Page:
Toyota is probably feeling a little unloved right now. The US government has been trying to burn them at the stake, Chinese buyers are shunning them and even the Canadians are even saying “No, eh?” (My experience of Canadians is pretty much limited to “South Park” and “Due South”). But love and good news can come from the most unlikely of places.
Reuters reports that Toyota has made huge steps to complying with EU legislation several years ahead of schedule. The EU is getting quite serious with CO2. Official EU data, which was analyzed by green transport campaigners T&E, shows that Toyota has cut the average CO2 emissions from its cars by 10 percent. This was more than five times the pace of BMW, last year’s leader. The average CO2 emission for Toyota’s cars in 2009 was 132g/km. This puts it up with Fiat and PSA as the companies best placed to meet the EU’s target of 130g/km by 2015. With quite a few years to spare.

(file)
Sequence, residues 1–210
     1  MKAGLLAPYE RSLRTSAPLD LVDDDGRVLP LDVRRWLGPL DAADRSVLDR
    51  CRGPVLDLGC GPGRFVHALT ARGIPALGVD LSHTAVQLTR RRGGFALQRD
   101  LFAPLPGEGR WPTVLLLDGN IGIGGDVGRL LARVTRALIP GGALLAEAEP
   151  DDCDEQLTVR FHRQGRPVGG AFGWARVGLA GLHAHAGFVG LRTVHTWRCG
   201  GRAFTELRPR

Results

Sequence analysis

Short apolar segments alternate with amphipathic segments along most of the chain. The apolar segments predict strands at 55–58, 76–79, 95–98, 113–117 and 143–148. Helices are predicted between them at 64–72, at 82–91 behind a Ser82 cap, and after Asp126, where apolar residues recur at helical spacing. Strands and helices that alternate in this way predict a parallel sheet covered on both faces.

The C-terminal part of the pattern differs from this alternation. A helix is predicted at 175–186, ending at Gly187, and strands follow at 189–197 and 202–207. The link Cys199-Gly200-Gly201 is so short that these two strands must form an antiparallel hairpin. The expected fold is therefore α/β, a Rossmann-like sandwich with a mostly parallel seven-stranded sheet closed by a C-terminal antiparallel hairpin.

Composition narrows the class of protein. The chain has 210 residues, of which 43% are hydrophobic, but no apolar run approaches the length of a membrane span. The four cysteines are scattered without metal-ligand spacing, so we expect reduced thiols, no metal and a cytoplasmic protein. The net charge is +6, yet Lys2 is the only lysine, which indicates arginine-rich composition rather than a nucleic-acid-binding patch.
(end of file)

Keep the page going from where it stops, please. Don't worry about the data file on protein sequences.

“Three years ago the car industry said it could not deliver car CO2 targets on time but is now set to achieve them years ahead of schedule,” said Jos Dings, director of T&E. When the conversation turned to van emission standards (about 175g/km by 2016), Mr Dings got rather cynical, “The same industry is saying van CO2 limits cannot be met – it is time the credibility of these claims was questioned,” Makes you wonder what the big problem about cutting CO2 really is. I thought diesel was the panacea to everything? High mileage and low CO2 emissions. Or do the credibility of those claims need questioning…?